• Xu, X., L. Wolfe, J. Diez, Y. Zheng, H. Guo, S. Hu. (2019) Differential germination strategies of native and introduced populations of the invasive species Plantago virginica. Neobiota. 43: 101–118
  • Peterson, A.T., Anderson, R.P., Beger, M., Bolliger, J., Brotons, L., Burridge, C.P., et al. (2019). Open access solutions for biodiversity journals: Do not replace one problem with another. Divers. Distrib., 25, 5–8.
  • Andrew, C., J. Diez, T.Y. James and H. Kauserud. (2019) Fungarium specimens - a largely untapped source in global change biology and beyond. Philosophical Transactions Roy. Soc. B. 374, 20170392.
  • Weber, S.E., Diez, J.M., Andrews, L.V., Goulden, M.L., Aronson, E.L. & Allen, M.F. (2019). Responses of arbuscular mycorrhizal fungi to multiple coinciding global change drivers. Fungal Ecology, 40, 62–71.


  • Collins, C.G., Stajich, J.E., Weber, S.E., Pombubpa, N. & Diez, J.M. (2018). Shrub range expansion alters diversity and distribution of soil fungal communities across an alpine elevation gradient. Molecular Ecology, 27, 2461–2476.
  • Alexander, J.M., Diez, J. M., Usinowicz, J., Hart, S.P. (2018). Species' distributions as a coexistence problem: a reply to Godsoe et al.. Trends in Ecology and Evolution.


  • Gange, A. C., Heegaard, E., Boddy, L., Andrew, C., Kirk, P., Halvorsen, R., Kuyper, T. W., Bässler, C., Diez, J., Heilman-Clausen, J., Høiland, K., Büntgen, U. and Kauserud, H. (2017), Trait-dependent distributional shifts in fruiting of common British fungi. Ecography 41(1), 51-61. [link]
  • Andrew, C., Heegaard, E., Kirk, P. M., Bässler, C., Heilmann-Clausen, J., Krisai-Greilhuber, I., et al. (2017). Big data integration: Pan-European fungal species observations' assembly for addressing contemporary questions in ecology and global change biology. Fungal Biology Reviews, 31(2), 1–11.


  • Alexander, J. M., Diez, J. M., Hart, S. P., & Levine, J. M. 2016. When Climate Reshuffles Competitors: A Call for Experimental Macroecology. Trends in Ecology & Evolution.
  • Heegaard, E., L. Boddy, J.M. Diez, R. Halvorsen, H. Kauserud, T. W. Kuyper, C. Bässler, U. Büntgen, A. C. Gange, I. Krisai-Greilhuber, C. J. Andrew, F. Ayer, K. Høiland, P. Kirk, S. Egli. (2016) Fine-scale spatiotemporal dynamics of fungal fruiting: prevalence, amplitude, range and continuity. Ecography.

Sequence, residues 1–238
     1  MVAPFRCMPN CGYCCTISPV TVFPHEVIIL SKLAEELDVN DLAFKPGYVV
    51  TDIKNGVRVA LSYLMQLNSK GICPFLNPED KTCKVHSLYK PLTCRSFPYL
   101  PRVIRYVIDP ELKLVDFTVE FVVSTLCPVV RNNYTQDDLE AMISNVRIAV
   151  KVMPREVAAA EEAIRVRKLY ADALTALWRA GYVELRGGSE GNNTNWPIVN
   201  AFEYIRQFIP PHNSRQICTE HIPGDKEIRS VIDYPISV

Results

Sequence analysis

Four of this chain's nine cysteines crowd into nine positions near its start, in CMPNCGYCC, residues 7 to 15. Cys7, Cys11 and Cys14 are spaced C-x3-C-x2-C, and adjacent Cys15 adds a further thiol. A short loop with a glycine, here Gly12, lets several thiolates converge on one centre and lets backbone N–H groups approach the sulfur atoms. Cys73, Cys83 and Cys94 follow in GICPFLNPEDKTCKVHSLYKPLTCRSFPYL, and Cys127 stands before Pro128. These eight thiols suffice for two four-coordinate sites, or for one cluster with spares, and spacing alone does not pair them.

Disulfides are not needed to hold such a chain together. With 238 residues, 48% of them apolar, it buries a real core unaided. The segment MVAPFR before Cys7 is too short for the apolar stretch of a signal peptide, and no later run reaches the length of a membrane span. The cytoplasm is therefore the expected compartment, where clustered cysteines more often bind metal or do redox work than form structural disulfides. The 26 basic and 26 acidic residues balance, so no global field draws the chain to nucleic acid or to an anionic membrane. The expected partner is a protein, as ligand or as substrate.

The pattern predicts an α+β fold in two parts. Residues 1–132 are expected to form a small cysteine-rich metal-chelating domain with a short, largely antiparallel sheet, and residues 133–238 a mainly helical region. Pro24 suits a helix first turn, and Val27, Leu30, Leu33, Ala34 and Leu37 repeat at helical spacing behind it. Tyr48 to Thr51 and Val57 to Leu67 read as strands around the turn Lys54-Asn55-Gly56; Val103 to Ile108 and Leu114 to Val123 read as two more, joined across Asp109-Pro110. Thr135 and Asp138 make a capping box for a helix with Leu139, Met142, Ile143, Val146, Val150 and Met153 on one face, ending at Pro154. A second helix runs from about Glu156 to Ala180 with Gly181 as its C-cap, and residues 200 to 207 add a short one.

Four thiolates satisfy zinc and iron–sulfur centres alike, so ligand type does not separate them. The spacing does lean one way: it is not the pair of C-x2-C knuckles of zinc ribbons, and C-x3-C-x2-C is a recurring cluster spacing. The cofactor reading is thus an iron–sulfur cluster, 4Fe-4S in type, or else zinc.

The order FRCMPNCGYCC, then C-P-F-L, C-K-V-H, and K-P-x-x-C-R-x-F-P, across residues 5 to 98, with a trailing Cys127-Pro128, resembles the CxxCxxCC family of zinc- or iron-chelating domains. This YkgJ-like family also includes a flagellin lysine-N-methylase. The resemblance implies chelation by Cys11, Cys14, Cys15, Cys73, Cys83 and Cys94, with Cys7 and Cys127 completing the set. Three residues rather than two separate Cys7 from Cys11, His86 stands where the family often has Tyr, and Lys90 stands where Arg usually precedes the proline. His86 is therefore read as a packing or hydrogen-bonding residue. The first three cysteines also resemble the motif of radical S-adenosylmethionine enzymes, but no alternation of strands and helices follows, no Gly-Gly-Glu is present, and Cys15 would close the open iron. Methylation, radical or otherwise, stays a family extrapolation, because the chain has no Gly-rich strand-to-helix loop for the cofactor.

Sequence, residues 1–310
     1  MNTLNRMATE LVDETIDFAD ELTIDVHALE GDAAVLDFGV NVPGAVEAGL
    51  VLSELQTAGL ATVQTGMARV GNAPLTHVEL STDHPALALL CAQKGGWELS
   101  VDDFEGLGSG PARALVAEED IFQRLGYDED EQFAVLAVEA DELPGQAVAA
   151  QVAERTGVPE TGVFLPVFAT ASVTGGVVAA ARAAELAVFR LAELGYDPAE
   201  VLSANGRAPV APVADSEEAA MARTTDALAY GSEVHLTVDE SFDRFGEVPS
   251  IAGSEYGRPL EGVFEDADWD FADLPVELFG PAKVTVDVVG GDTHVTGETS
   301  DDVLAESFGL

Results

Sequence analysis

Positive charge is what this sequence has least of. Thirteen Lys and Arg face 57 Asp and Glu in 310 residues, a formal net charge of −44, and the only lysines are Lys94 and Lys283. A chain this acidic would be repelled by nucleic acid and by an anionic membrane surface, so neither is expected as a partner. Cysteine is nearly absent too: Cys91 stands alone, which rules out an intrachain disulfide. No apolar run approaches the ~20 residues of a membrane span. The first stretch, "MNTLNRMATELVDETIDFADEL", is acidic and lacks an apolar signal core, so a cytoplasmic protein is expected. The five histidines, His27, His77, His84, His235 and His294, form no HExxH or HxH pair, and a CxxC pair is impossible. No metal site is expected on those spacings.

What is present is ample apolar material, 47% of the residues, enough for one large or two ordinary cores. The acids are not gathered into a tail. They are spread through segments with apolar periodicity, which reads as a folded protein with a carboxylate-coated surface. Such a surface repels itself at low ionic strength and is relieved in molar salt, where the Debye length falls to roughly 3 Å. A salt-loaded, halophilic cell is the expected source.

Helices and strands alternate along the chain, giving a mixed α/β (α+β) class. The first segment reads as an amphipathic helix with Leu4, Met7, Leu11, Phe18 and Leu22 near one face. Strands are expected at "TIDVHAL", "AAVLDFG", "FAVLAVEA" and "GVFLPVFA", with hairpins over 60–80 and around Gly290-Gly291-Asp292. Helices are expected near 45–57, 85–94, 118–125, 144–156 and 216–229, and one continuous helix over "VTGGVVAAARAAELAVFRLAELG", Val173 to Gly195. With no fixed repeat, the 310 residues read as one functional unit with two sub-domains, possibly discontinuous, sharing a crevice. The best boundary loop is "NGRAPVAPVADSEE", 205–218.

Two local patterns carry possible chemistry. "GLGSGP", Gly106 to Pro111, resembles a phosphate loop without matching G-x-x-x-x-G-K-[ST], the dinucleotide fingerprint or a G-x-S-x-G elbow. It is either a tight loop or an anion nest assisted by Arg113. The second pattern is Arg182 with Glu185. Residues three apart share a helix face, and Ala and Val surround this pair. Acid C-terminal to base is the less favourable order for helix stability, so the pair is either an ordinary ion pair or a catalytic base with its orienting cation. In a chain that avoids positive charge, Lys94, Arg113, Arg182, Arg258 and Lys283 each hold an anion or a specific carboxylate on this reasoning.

• Collins, C.G., C.J. Carey, E.L. Aronson, C.W. Kopp, J. M. Diez. 2016. Direct and indirect effects of native range expansion on soil microbial community structure and function. Journal of Ecology.
  • Elmendorf, S. C., K. D. Jones, B. I. Cook, J. M. Diez, C. A. F. Enquist, R. A. Hufft, M. O. Jones, S. J. Mazer, A. J. Miller-Rushing, D. J. P. Moore, M. D. Schwartz, and J. F. Weltzin. 2016. The plant phenology monitoring design for The National Ecological Observatory Network. Ecosphere 7(4).


  • Alexander, J.M., J.M. Diez, J.M., J.M. Levine. 2015. Novel competitors shape species' responses to climate change. Nature 525, 515–518.
  • Büntgen U, Egli S, Galván JD, Diez JM, Aldea J, Latorre J, F. Martínez-Peña. 2015. Drought-induced changes in the phenology, productivity and diversity of Spanish fungi. Fungal Ecology 16: 6-18
  • González-Moreno, Pablo, J.M. Diez, D.M. Richardson, M. Vilá. 2015. Beyond climate: disturbance niche shifts in invasive species. Global Ecology and Biogeography. 24(3):360-370.

2014 niche paper

Full list of publications

Contact and Opportunities

UO undergraduates We are always excited to hear from undergraduates who are interested in working in the lab! Opportunities are often available to participate in ongoing research to gain experience, and we highly encourage eventually conducting your own independent project.

Graduate students We are not currently recruiting Ph.D. or M.S. students

Postdocs Prospective postdocs interested in the lab’s work are encouraged to get in touch with Jeff to discuss your interests and opportunities for applicable fellowships and grants.

 jeff diez